Saint of the Month: St. Gaspar del Bufalo

St. Gaspar del Bufalo was a priest, a founder, and a missionary preacher. Gaspar was born in 1786 in Rome. His parents named him Gaspar Melchior Balthazar in memory of the traditionally attributed names of the three Magi who sought and venerated Christ as an infant. His father, Antonio del Bufalo, got a job as a cook for a royal family when Gaspar was a little boy. Antonio and his wife Annunziata were devout Catholics, and they brought up their son to be pious and to look after the needs of others. The family lived in the servant’s quarters in the Altieri Palace. Even as a child, Gaspar showed concern for the poor and the sick He spent much of his free time visiting them, sometimes with a small gift or a pastry to share. In his teens, he spent his summer school breaks delivering meals to the poor and visiting hospitals and shut-ins. When he was eighteen, Gaspar and some friends formed a group to carry out corporal and spiritual works of mercy. They provided a safe place to sleep for the homeless and gave simple catechism classes for poor children. He attended seminary at the Roman College and continued teaching religious classes as well as overseeing the homeless shelter and visiting hospital patients.


Gaspar was ordained a priest in 1808 and age twenty two. Soon afterward, he began meeting with farm laborers who came to Rome to sell their goods. He saw their need for receiving the Sacraments and for directing their lives according to the teachings of Christ, and he gathered them together in the evening for classes. Soon after his ordination, turmoil overtook Rome, when the Emperor Napoleon Bonaparte dissolved the Papal States. Pope Pius VII was arrested and exiled from Rome. Fr. Gaspar was required to make an oath of loyalty to the Emperor, which he refused. He was arrested and sentenced to prison in Corsica. His health, which had never been robust, deteriorated during his confinement. He made the best of the situation, however, and in the long periods of silence and isolation, he firmed his resolve to continue his work. His ideal was to form a group who carried out spiritual and corporal works of mercy combined with devotion to the Precious Blood of Christ.


When Napoleon fell from power in 1814, Fr. Gaspar was freed after nearly five years’ imprisonment. He returned to Rome, finding it in a state of disarray. The Church had been decimated by the occupation of Napoleon’s hostile forces and was in great need of renewal. With Pius VII restored to his see, he appointed Fr. Gaspar to preach missions in and around Rome to call people back to living their faith. Just twenty nine years old, Fr. Gaspar formed a small group of like-minded men into the Congregation of the Most Precious Blood. Initially, the group made no vows and was held together only by charity. They set out in the area to preach missions, each man carrying a mission crucifix. The initial group of four men attracted more members and their preaching became very effective in drawing hearts away from sinfulness. Fr. Gaspar was known to be especially persuasive when speaking to thieves and bandits.


There were portions of Italy at that time which were so under control of robbers, the municipal authorities were powerless to keep order. The Pope, as temporal ruler, even considered completely leveling one town which had become a hub for the criminals. A Cardinal who was serving Pius VII had learned of Fr. Gaspar’s preaching and he arranged for the young preachers to be sent to the areas plagued by crime. By then, the group had attracted nearly fifty members, and they established numerous small mission houses. The little groups of five preachers set out with no other protection than a crucifix and came to no harm. They would preach in the towns at night, urging people with the Gospel message of repentance and seeking the Kingdom of Christ. They taught children during the day. Astonishingly, the crime problem was contained within two years of the establishment of the Precious Blood father’s mission houses. Unfortunately, Fr. Gaspar faced strong opposition from authorities within the Church. While Pope Pius VII admired Fr. Gaspar and his work, his successor, Pope Leo XII, did not. Fr. Gaspar believed the problem to lie more with him than with the mission, so he volunteered to step down as monitor of the Congregation. After meeting with Leo XII, the situation was resolved. However, in 1828 his enemies sought to have Fr. Gaspar named as nuncio to Brazil in order to oust him from Rome. He declined the appointment, and was eventually appointed to the Congregation for the Propagation of the Faith, allowing him to remain in Rome, where he was very popular. The successor of Leo, Pius VIII, withdrew support for the Congregation. Disheartened by the years of harassment and false accusations, Fr. Gaspar moved to one of the mission houses, where he continued to tend to the needy of the area. After aiding victims of a cholera outbreak in Rome, he died December 28, 1837 at age fifty-one. The doctor who examined his body declared him a “victim of charity”, exhausted by years of taking care of others.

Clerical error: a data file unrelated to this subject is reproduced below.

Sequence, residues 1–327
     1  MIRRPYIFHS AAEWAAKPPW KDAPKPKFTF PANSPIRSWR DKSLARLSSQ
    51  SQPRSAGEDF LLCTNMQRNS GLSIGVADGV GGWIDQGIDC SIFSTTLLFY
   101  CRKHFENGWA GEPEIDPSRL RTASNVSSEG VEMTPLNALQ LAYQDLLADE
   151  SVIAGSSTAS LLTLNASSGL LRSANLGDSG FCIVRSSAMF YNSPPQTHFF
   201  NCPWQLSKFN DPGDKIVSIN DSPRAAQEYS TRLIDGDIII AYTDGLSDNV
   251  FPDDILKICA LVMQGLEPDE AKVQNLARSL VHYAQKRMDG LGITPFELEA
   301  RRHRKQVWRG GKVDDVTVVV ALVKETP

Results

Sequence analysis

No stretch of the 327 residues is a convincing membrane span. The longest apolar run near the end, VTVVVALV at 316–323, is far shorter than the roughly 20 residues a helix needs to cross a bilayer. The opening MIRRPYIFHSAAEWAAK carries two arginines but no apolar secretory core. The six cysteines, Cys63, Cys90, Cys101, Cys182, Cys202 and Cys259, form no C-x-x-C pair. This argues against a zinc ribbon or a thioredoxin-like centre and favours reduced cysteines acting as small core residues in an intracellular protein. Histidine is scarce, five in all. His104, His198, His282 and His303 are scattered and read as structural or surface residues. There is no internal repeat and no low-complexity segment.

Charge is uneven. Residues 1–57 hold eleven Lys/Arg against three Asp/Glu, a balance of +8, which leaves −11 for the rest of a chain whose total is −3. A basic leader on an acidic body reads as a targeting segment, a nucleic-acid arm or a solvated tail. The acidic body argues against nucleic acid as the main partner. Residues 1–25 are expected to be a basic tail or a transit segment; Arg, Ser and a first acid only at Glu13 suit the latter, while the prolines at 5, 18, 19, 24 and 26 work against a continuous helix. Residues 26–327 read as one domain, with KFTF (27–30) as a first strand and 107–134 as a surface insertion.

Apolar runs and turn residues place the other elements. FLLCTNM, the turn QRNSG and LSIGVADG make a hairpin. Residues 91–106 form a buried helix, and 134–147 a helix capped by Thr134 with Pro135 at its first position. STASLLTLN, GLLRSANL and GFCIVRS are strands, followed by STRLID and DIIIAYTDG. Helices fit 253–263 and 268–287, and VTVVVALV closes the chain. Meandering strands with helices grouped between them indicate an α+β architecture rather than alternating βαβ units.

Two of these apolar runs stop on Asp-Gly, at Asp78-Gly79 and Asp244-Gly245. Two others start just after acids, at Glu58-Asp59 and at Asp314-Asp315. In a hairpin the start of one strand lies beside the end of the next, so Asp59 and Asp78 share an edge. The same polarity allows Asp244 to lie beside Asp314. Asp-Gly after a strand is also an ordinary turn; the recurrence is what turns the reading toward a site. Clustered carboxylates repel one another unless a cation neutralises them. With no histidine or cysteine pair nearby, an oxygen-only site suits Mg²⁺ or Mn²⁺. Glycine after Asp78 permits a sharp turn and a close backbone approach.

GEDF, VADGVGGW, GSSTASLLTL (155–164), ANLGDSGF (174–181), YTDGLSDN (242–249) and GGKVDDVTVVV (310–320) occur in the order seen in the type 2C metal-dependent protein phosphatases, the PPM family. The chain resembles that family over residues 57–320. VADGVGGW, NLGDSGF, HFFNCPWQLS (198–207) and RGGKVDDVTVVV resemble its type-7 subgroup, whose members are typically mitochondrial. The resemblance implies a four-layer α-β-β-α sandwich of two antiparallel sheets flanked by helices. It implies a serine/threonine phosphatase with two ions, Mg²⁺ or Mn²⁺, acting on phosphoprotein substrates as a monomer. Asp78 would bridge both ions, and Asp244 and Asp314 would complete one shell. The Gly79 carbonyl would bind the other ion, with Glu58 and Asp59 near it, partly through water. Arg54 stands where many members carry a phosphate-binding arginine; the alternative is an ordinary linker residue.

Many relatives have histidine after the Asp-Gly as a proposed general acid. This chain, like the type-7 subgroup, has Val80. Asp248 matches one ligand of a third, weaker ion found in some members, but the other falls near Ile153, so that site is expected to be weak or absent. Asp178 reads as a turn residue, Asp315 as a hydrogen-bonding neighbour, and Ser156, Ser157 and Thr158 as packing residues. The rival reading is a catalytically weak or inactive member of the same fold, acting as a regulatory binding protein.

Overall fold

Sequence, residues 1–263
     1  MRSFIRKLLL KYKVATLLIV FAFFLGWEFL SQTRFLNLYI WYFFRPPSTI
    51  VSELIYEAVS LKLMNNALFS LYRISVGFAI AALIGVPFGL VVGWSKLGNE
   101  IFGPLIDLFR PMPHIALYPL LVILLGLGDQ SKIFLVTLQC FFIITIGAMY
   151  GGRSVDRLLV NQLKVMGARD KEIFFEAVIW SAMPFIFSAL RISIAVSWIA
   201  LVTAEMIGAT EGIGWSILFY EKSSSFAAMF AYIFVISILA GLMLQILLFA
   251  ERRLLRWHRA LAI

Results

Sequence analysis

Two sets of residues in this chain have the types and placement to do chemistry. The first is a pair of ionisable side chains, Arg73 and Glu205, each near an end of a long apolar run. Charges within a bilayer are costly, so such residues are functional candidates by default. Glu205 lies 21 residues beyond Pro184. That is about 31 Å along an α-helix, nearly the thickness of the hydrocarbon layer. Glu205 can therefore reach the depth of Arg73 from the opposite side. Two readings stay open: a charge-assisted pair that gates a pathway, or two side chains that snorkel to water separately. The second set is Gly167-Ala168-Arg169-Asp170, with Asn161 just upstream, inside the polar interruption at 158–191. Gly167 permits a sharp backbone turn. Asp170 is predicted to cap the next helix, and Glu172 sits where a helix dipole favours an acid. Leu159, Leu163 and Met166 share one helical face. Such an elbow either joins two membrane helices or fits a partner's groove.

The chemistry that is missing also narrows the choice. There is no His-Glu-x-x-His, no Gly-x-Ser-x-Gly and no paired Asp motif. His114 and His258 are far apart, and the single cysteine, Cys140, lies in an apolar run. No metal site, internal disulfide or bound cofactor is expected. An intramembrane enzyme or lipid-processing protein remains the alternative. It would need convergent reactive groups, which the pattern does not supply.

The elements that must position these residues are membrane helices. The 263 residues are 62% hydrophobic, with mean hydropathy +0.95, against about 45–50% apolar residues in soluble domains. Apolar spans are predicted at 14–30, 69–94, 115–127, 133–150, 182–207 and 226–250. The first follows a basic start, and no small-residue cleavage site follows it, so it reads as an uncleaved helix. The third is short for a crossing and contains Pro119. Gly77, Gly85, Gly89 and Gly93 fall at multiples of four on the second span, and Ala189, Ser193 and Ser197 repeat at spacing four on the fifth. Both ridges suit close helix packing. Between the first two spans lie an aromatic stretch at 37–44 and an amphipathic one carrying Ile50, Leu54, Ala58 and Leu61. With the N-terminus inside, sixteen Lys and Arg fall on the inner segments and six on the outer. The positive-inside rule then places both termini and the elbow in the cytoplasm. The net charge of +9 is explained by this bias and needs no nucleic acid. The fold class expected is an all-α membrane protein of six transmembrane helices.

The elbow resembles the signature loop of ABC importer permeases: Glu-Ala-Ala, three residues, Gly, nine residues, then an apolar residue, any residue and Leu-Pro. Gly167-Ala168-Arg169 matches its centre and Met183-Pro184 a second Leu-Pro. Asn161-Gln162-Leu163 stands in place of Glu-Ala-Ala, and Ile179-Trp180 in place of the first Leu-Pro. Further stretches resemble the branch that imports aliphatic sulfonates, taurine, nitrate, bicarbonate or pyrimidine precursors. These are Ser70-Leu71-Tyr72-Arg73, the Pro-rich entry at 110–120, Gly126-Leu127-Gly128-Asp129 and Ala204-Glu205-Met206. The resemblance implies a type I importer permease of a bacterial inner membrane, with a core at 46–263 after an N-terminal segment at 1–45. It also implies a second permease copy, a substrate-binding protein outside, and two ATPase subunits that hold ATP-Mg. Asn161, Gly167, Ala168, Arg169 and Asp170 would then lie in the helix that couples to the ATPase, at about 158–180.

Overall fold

After Fr. Gaspar’s death, the proof of Pope Pius VII’s granting of legality and approval of the Rule for the Congregation of the Precious Blood was found and honored. The work of the Congregation continues to this day worldwide, and members now take vows of fidelity to the laws of the order. St. Gaspar del Bufalo lived a life filled with service to the sick and the poor and with calling people to the holiness to which we are all called. He was beatified in 1904 and canonized in 1954.